This is an excerpt from Outdoor Leadership-2nd Edition.
Facilitation keeps the learner - rather than the facilitator - central to what is happening. Therefore, a leader should be very thoughtful in selecting the style of facilitation used. A leader's facilitation style is based on many variables, some of which are internal and some of which are external. Internal factors include beliefs, communication ability, and valuing others. Personal belief systems are strong perceptual filters that affect expectations and behavior. For example, the Pygmalion effect suggests that what we expect or believe about someone is what we get. If we view someone as ineffective, they most likely will live up to that expectation. Our perceptual filters can limit ourselves, too. A frog perceives only things that move as food and therefore will starve in a box of dead flies. We can work toward establishing a rapport with others if we understand how they perceive the world.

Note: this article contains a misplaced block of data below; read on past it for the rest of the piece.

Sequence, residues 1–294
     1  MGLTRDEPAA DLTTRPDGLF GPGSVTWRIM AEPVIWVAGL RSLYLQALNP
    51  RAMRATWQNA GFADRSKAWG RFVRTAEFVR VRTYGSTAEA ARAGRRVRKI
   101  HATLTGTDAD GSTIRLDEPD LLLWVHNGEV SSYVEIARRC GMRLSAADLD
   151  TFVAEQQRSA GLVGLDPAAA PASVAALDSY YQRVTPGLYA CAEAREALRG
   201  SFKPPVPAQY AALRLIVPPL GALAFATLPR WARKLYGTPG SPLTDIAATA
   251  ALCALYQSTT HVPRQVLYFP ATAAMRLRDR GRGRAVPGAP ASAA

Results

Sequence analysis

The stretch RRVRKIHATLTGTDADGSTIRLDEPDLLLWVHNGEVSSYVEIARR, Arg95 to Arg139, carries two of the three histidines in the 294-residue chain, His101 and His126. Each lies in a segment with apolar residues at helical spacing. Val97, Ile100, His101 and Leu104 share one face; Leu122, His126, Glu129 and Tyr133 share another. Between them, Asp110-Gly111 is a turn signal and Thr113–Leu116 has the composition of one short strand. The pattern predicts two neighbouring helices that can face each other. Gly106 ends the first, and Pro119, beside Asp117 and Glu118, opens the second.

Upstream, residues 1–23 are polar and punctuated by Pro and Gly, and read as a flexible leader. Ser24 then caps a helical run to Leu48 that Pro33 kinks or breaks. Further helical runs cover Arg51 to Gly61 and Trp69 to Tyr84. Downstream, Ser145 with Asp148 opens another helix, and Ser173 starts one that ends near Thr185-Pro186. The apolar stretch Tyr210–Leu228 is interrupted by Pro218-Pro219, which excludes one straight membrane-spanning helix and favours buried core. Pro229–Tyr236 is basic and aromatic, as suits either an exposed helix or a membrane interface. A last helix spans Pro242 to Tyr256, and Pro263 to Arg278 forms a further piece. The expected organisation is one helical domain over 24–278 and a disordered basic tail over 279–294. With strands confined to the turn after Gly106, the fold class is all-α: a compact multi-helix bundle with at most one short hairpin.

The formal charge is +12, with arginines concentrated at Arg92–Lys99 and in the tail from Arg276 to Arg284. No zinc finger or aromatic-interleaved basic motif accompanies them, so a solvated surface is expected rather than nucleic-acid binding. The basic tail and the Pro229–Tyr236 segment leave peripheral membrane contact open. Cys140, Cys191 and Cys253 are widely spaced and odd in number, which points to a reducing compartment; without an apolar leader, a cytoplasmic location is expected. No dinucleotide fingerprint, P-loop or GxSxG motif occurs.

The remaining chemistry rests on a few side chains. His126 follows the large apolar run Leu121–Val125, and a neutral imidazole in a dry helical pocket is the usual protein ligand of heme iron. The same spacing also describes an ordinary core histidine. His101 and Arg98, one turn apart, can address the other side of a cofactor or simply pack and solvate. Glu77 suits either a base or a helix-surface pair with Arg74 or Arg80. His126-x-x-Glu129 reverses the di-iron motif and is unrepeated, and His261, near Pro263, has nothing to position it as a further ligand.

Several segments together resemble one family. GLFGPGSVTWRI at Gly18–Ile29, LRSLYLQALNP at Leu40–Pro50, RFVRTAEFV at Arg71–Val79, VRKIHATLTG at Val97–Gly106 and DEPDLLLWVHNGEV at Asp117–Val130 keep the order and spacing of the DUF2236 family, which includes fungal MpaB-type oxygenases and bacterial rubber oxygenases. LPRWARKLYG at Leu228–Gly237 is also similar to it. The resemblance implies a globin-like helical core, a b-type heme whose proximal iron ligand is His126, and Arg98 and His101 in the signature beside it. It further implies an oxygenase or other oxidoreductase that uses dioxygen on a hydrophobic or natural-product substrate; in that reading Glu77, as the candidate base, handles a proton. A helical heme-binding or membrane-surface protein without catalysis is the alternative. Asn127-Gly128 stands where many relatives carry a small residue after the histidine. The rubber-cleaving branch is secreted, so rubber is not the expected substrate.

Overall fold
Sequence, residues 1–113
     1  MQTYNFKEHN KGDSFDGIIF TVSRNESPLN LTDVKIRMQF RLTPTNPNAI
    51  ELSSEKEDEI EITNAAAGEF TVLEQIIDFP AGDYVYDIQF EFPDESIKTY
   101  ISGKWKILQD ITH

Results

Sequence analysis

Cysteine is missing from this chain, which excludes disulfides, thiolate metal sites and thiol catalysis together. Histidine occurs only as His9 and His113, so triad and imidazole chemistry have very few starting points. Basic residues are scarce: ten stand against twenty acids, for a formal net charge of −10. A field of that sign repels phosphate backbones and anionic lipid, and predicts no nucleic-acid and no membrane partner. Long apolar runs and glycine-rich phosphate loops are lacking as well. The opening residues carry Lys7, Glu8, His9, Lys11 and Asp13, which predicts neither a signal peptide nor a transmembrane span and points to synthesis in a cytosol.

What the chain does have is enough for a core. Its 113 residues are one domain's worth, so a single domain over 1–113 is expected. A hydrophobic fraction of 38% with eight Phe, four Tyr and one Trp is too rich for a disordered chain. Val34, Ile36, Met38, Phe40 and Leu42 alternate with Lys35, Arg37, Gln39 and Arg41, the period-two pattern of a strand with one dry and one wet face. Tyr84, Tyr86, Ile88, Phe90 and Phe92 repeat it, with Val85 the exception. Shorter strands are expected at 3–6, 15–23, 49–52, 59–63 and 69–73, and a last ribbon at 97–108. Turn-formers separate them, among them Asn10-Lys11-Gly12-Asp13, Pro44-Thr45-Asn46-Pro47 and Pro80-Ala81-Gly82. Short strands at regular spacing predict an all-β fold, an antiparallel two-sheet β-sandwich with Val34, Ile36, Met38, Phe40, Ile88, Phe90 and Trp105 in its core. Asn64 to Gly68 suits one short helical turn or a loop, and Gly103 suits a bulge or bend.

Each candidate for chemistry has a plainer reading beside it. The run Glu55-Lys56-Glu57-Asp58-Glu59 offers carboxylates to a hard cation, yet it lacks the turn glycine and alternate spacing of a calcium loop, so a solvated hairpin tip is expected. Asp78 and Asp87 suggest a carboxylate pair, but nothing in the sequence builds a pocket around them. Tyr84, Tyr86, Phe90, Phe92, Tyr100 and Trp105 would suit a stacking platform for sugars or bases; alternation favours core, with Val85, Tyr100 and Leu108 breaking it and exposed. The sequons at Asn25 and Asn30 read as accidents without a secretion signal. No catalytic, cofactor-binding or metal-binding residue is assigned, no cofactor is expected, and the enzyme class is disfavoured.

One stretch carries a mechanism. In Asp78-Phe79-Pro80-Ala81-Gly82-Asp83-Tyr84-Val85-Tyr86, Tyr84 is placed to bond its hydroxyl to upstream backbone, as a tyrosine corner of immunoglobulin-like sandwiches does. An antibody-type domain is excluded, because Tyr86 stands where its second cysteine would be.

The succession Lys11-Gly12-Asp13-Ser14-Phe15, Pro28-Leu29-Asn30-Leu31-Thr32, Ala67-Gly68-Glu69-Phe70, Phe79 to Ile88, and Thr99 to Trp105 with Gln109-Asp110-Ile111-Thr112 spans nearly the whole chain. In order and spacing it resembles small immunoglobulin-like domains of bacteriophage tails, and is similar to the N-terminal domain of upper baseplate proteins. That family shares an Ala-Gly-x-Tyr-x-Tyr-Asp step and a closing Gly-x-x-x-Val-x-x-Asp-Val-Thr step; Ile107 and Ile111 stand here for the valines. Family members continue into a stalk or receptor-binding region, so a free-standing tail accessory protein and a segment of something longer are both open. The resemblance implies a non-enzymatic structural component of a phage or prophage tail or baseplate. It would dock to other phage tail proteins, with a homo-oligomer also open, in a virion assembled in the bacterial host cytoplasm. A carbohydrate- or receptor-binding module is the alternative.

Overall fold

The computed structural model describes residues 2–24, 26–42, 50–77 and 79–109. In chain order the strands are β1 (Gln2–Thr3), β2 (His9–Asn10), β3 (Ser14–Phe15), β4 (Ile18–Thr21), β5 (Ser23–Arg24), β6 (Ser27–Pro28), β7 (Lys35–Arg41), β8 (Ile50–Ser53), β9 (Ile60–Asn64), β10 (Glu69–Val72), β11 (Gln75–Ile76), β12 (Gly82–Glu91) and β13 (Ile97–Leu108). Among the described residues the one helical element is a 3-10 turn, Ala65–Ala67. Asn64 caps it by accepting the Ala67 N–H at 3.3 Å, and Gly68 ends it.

External variables, which help the facilitator adjust their style to each specific group, include the following:
- The age and maturity of the group - The younger the group, the more it depends on the leader and requires direct leadership and coaching. The maturity of any group changes as the group interacts.
- The length of the program - Groups generally build skills over time, so a short course or single-day event encourage direct leadership. The longer a group is together, the greater the opportunity to use more indirect methods.
- The expressed goals of the program - The outcome will dictate the style of presenting a challenge and debriefing it. Sometimes a group has no agenda except to have fun and get acquainted, which creates more opportunities for multiple activities with little transfer. However, if a group is working on communication or improving problem solving, the choices might be limited and more translation of the experience might occur.